Chocolate Coconut Almond Butter – Savory Style
Last Updated on August 26, 2016 by smartkitchenpicks
If you want something done right, you’ve got to do it yourself. Or… if you want to enjoy a delicious treat that you see in the store only to find out that it “may contain traces of [insert food you’re allergic to here],” then you’ve got to make it yourself.
This is the story of my life. I can’t even tell you how many times I’ve picked up up a box or bag of tasty-looking cookies/chocolates/ice cream/etc. only to have to put it back down because it “may contain traces of peanuts” — a phrase that has easily become the bane of my allergy-ridden existence. And if you’ve ever taken a glance at the ingredients lists of various packages, then you’ve probably noticed that peanut warnings are everywhere… even on things like vitamins and shampoos!
I’m not complaining, though. I’m really not. I grew up thinking that I was allergic to all nuts, so finding out it was just peanuts was a real blessing. And if you’re wondering how I went 24 years living under false pretenses, it’s because my parents told me that my allergy encompassed all nuts so that my little 4 year old kindergarden self wouldn’t get confused and accidentally end up in the ER. Avoid all nuts, they said. So I did.
They meant well so I can’t exactly hold it against them, but I really wish they told me the truth sooner… saaaaaay around the age of 10 when I was probably old enough to comfortably make the distinction between peanuts and other nuts. 12 max. Instead, I was 24. And when I asked them why they had waited so long, they told me they just wanted to keep me safe and had honestly started believing it themselves. Okay. Can’t argue with that.
Either way, I’ve been making up for lost time with a serious love affair with almond butter that’s been going strong for a few years now.
The only problem — and this is where we go back to what I said in the beginning — is that most store bought almond butters are produced in the same facilities as peanut butters, meaning they’re off-limits for this girl. This fact used to irk me to no end (especially when I saw all the delicious flavours out there like vanilla, maple, and chocolate), until I learned how easy it was to make almond butter at home.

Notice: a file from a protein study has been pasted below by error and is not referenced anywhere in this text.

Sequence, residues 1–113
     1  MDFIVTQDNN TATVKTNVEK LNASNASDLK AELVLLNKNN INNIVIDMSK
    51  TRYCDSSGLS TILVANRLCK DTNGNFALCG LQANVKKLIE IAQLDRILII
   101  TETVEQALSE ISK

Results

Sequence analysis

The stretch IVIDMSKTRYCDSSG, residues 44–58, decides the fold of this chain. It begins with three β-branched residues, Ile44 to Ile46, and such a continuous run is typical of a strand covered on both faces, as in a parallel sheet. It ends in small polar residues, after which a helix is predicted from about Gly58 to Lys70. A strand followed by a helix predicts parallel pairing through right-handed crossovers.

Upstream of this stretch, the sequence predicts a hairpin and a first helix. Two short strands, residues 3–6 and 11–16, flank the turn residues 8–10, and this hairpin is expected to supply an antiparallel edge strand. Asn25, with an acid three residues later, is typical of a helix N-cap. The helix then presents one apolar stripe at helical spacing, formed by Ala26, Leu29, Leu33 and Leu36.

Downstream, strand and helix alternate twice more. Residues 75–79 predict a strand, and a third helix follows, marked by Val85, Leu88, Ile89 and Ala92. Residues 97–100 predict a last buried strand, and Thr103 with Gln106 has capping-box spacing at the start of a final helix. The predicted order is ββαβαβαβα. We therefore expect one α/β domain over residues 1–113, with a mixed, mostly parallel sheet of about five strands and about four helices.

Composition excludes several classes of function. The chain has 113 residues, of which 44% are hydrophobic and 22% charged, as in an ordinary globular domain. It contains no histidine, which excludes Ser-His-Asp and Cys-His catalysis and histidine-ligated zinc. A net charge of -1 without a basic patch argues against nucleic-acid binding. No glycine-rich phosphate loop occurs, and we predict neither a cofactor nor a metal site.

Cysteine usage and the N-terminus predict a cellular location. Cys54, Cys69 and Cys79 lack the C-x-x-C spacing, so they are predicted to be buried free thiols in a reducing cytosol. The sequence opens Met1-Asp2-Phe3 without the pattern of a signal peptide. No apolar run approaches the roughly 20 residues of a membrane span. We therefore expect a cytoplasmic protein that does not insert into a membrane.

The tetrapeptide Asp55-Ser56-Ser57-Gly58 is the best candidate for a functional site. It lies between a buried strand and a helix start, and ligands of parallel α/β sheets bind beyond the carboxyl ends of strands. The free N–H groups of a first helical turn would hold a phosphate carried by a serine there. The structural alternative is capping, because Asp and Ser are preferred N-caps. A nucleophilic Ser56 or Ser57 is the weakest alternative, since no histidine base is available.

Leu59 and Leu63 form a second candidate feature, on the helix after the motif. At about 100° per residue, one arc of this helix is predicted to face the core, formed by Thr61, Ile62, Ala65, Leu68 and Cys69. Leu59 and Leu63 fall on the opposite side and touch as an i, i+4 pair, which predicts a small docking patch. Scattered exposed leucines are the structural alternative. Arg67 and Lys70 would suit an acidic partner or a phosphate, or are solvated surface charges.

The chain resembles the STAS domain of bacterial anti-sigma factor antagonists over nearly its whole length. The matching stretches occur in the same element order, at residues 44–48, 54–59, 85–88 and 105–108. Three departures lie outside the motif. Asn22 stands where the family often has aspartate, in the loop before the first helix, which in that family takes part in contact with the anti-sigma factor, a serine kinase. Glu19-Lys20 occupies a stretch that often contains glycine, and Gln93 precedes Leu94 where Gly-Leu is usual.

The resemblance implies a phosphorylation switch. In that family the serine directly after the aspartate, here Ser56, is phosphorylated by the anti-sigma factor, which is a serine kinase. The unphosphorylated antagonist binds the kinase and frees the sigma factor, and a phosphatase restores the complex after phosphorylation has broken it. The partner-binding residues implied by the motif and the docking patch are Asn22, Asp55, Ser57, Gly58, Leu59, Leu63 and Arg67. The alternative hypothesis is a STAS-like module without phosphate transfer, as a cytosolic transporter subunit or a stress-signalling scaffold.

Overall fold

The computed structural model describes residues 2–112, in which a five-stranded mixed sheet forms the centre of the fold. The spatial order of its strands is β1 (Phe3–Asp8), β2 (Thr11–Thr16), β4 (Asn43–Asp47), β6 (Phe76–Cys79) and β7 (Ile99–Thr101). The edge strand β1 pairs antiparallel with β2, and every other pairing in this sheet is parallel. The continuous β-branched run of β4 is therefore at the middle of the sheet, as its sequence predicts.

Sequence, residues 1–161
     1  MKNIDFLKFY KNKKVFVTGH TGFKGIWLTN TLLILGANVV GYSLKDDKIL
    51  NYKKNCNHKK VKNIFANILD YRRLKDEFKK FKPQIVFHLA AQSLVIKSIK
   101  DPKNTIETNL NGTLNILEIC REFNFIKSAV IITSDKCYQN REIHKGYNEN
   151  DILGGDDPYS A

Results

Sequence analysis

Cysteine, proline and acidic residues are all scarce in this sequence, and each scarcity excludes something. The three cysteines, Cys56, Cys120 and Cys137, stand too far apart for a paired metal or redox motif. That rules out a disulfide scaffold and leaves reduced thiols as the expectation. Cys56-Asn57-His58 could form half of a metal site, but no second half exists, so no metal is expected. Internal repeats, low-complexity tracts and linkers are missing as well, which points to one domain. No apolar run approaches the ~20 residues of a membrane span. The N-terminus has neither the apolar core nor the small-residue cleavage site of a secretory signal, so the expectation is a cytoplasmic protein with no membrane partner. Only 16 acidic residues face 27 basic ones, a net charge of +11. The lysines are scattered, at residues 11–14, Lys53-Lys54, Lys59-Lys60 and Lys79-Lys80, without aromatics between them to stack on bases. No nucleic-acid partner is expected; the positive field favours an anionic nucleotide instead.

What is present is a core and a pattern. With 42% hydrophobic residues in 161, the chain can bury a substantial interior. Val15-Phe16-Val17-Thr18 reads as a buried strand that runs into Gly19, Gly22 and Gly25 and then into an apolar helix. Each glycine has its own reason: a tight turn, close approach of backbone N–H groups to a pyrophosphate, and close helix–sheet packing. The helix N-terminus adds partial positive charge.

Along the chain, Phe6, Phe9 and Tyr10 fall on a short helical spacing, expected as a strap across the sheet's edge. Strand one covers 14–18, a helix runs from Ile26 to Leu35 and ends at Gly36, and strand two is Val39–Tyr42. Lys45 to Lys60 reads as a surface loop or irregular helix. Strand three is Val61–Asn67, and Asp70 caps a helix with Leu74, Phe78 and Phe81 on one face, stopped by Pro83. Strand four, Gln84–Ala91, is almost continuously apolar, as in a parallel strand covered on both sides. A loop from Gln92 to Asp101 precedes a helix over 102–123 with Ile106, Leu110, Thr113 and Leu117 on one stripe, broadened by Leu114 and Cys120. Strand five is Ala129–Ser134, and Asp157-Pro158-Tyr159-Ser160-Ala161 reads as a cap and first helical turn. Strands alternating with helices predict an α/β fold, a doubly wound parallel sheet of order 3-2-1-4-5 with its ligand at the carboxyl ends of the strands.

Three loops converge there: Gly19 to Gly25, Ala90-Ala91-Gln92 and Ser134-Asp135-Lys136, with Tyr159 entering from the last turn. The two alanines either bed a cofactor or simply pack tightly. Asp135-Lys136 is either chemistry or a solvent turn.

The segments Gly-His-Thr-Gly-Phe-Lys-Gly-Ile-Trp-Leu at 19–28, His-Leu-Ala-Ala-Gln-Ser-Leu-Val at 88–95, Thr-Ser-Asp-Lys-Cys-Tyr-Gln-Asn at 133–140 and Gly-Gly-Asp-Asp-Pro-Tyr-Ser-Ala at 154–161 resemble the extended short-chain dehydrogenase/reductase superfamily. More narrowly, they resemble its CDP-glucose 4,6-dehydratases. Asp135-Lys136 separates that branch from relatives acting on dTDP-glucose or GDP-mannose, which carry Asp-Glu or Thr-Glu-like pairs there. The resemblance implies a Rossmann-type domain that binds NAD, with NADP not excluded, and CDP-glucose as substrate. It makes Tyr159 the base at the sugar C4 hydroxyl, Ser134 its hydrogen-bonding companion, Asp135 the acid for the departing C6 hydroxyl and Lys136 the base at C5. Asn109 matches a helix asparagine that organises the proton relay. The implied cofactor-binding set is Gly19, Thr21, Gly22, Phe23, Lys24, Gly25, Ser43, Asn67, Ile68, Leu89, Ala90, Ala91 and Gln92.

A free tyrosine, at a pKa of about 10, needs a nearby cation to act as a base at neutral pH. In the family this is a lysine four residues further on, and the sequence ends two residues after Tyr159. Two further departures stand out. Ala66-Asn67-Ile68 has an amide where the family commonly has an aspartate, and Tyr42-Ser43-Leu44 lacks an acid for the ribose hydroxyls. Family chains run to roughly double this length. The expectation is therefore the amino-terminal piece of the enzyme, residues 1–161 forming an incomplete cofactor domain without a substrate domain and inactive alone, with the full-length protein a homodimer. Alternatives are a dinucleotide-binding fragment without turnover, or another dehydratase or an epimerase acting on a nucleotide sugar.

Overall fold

Seriously! All you need are some almonds and a food processor. That’s it! Well, that’s it if you just want a basic old no-fuss almond butter. But why stop there when you can have chocolate coconut almond butter…
Oh.my.word. Can we just take a moment to appreciate the beauty that is chocolate, coconut, and almonds? Because it really is a match made in tastebud heaven. And not only that, but the combination is textural perfection as well.
Almond butter can be a little bit tricky to make since it requires some processing time before the almonds release their oils and get smooth, so adding that spoonful of coconut oil really helps move things along more quickly, in addition to adding a nice and subtle coconut flavour. I like using roasted almonds in this recipe because their more robust flavour really compliments the cocoa, but you could easily use raw almonds if that’s all you have on hand.
And if you’ve never tried making your own almond butter before then I really recommend that you give it a go! Not only is it a lot more cost effective than buying the fancy jars from the store, but it let’s you experiment with some pretty awesome flavour combinations. Like this one…
Chocolate Coconut Almond Butter
- 2 cups roasted salted almonds
- 1 Tbsp. coconut oil
- 1 Tbsp. unsweetened cocoa powder
- 1 Tbsp. honey
- Add the almonds to your food processor and pulse to begin breaking them down. Add coconut oil and continue processing until the almonds turn into a grainy paste and eventually a smooth butter, about 10-15 minutes.
- When almonds become creamy and desired consistency has been reached, add cocoa powder and honey. Process for an additional minute or two until everything becomes fully combined.
- Transfer the almond butter to a jar or an airtight container, and store in the fridge for up to 3 months. If oil separation occurs, stir lightly before use.